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The Prophet Muhammad

The Prophet Muhammad was born in Mecca in 570 C. E. , both his parents died when he was very young and was left to be raised by his paternal grandfather (‘Abd al Muttalib) and later on by his paternal uncle (Abu Talib). Muhammad joined his uncle and became a merchant and trader. At the age of twenty five he married a rich merchant widow, named Khadijah, who proposed marriage to him. Muhammad and Khadijah had six children together four daughters and two sons but both sons died early in their infancy.

During the month of Ramadan he would often retreat to Mount Hira to meditate, it was during one of his many retreats that Muhammad received the first revelation from the Archangel Jibril (Gabriel); Muhammad was forty at the time. The Archangel Gabriel came and visited the Prophet Muhammad upon Allah’s command to reveal to him the Ayat (in English the term is best rendered as ‘verses’); these Ayat were revealed to the Prophet over a period of twenty-three years.

The revelations received by the Prophet Muhammad were never one continuous text, they were sometimes just a few verses, other times he would receive only part of a chapter and at other times he would be given a complete chapter. Some revelations were given to the Prophet in response to an inquiry made by the non-believers. Since the Prophet could not write he memorized the verses as soon as they were revealed to him and he would later recite the verses in the daily prayers performed by the Muslims.

The order and arrangement of the verses were done in accordance with the instruction given to Muhammad by the and in turn the Prophet guided the scribes in ordering the written text, which would later be referred to as the holy Qur’an. The last revelation came in 632 C. E. and all the revealed verses were compiled together into the Qur’an. The Qur’an speaks in the first person, thus Allah speaks to its creation, and does not contain a words or statements made by the Prophet. The sayings, actions, statements or interpretations spoken by the Prophet have been recorded separately in collections known as the Hadiths.

The foundation of Muslim life is based upon what is known as the “five pillars of Islam”. The first pillar is referred to in Arabic as the Shahadah, it is the sermon of faith in the Oneness of God and “messengership” of Muhammad (Fisher, 2008, p. 353). The second pillar consist of performing the daily prayers (five times), which involves the believer having to execute the ritual act of ablution with water, face Mecca and recite a series of prayers and passages from the Qur’an (Fisher, 2008, p. 353). The third pillar is in relation to the month of Ramadan which requires that every believer to fast for a period of approximately thirty days.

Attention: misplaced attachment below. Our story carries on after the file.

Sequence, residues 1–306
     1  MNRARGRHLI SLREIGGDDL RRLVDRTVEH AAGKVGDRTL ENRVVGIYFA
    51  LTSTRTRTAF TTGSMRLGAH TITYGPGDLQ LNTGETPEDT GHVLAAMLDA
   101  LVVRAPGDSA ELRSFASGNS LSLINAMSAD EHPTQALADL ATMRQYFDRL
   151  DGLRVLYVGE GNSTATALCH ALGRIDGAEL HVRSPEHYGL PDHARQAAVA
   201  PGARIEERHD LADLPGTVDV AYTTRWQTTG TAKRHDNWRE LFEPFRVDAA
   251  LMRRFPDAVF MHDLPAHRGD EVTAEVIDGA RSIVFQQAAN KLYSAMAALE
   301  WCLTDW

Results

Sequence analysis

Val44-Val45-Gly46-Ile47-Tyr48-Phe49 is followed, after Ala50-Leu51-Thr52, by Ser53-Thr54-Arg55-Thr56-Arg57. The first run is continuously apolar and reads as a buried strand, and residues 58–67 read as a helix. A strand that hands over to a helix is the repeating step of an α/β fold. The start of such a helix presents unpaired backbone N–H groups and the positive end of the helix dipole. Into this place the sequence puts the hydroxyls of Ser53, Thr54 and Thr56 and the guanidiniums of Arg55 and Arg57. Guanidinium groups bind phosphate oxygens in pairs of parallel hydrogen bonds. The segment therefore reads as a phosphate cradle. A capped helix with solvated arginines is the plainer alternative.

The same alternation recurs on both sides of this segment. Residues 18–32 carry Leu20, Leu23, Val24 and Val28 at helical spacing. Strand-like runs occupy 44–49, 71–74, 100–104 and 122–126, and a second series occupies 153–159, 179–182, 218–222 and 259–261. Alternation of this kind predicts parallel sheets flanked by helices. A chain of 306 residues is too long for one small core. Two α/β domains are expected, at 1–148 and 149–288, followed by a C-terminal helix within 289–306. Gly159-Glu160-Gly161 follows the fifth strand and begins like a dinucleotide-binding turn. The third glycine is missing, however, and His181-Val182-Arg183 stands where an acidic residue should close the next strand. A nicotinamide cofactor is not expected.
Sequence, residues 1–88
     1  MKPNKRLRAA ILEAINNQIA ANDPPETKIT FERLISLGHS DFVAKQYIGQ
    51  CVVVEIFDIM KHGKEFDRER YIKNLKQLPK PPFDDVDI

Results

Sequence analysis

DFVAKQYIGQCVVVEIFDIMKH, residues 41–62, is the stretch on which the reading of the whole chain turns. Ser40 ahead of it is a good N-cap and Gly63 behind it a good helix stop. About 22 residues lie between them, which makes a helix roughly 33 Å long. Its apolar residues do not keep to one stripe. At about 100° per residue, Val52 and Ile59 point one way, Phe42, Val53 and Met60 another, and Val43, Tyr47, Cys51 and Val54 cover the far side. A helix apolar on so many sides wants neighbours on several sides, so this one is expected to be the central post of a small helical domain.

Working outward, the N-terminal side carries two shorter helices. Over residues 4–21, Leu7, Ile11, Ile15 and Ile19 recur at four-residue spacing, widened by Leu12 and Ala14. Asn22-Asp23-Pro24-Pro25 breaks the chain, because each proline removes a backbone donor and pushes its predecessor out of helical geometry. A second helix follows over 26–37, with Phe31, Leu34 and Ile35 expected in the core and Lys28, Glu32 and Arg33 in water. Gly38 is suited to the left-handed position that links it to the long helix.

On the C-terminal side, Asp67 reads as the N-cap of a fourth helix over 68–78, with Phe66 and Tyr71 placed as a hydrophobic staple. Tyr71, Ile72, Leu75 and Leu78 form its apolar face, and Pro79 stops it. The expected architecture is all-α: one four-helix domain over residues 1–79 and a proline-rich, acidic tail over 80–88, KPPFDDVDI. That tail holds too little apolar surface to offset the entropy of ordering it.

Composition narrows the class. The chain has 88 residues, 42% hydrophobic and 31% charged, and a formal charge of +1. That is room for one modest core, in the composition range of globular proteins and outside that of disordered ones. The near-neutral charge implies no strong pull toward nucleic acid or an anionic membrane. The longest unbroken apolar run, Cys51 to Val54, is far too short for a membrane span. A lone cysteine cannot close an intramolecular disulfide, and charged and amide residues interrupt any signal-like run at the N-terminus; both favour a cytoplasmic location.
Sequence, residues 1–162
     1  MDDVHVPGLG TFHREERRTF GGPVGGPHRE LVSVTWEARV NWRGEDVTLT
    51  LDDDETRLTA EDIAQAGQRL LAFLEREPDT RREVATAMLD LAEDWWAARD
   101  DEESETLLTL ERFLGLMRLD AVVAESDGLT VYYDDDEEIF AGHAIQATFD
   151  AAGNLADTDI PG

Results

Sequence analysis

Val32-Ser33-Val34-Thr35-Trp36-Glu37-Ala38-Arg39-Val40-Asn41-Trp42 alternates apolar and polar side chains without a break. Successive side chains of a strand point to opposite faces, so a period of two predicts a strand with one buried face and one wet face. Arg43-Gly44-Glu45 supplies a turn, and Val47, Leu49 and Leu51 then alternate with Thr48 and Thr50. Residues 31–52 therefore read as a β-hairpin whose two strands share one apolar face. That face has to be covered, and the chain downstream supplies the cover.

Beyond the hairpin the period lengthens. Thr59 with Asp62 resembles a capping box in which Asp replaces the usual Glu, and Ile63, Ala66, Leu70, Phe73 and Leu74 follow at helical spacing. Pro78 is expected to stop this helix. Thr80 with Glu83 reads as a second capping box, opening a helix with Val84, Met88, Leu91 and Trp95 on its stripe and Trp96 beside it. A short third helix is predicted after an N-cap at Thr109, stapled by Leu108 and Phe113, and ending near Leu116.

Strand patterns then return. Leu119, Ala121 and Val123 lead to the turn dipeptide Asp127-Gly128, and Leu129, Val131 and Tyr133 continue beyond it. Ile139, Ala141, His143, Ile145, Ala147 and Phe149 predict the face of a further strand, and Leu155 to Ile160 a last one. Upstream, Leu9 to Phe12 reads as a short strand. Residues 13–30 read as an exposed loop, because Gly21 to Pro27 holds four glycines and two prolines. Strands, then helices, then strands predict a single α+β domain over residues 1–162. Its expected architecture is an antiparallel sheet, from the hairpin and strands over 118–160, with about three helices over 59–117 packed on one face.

Usually the fasting entails no eating, no drinking and no sexual relations during the daylight hours until the end of the month of Ramadan. The fourth pillar is referred to in Arabic as Zakat and is normally understood as almsgiving. Here the believer is required to give to those who are in need; almsgiving is considered a form of worship to Allah. The fifth and last pillar requires that all believers perform a pilgrimage to Mecca as long as it is physically and financially possible for the individual. The pilgrimage is performed on the first half of the last lunar month.

Islamic resurgence connotes a revival in the Islamic religion throughout the Muslim world. It began in the 70’s and is marked by an increase in religious piety, and thus in an evident display of Islamic culture, garments, gender separation and values. The two major events which are believed to have been the catalyst for the Islamic revival are the Arab oil embargo of the mid 1970’s and the Iranian Revolution of 1979. The Muslim resurgence is understood a form of opposition to Westernization which many Muslims believe to be plaguing the development of their country.

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